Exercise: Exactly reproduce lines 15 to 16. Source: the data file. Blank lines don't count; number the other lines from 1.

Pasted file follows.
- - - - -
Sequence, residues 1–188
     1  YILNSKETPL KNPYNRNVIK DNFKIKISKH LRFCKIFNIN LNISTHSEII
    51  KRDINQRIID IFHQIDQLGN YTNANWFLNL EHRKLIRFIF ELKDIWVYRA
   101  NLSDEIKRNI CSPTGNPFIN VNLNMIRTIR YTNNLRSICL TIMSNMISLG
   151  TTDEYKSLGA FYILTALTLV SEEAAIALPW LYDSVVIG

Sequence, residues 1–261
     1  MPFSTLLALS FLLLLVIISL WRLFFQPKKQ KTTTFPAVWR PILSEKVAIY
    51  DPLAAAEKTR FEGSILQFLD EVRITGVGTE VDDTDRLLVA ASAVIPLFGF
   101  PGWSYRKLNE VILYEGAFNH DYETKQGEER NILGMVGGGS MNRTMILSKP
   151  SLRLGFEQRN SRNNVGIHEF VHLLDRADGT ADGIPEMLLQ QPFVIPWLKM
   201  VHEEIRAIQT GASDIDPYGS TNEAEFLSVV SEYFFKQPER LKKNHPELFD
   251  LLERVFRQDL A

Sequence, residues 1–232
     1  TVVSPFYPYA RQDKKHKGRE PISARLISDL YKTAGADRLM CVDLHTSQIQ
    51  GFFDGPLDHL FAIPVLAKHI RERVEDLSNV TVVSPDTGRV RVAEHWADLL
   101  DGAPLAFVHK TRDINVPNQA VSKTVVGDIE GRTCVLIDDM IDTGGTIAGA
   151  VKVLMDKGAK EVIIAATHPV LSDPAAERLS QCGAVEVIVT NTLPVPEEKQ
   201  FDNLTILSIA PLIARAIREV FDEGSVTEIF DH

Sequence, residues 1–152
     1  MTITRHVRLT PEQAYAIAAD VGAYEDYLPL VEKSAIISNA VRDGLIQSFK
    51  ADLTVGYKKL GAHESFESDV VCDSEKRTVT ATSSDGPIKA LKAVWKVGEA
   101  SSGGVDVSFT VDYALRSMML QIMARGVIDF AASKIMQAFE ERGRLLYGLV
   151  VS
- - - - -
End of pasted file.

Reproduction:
    51  GFFDGPLDHL FAIPVLAKHI RERVEDLSNV TVVSPDTGRV RVAEHWADLL
   101  DGAPLAFVHK TRDINVPNQA VSKTVVGDIE GRTCVLIDDM IDTGGTIAGA